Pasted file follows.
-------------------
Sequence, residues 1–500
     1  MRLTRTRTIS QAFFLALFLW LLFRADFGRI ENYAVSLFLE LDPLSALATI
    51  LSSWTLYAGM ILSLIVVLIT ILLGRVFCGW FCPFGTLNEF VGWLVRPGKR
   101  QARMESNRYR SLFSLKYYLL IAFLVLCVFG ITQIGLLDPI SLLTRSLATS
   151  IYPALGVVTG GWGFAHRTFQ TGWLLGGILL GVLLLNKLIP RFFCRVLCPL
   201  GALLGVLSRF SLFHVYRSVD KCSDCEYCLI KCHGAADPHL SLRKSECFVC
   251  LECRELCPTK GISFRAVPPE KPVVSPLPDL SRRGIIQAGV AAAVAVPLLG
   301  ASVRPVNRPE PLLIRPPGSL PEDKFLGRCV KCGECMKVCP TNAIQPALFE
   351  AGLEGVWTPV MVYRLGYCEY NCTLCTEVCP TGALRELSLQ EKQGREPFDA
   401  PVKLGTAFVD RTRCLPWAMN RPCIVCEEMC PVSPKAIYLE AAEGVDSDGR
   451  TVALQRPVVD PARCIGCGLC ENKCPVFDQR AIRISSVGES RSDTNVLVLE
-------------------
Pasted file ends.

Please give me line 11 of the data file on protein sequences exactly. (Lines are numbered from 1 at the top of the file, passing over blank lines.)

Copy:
   451  TVALQRPVVD PARCIGCGLC ENKCPVFDQR AIRISSVGES RSDTNVLVLE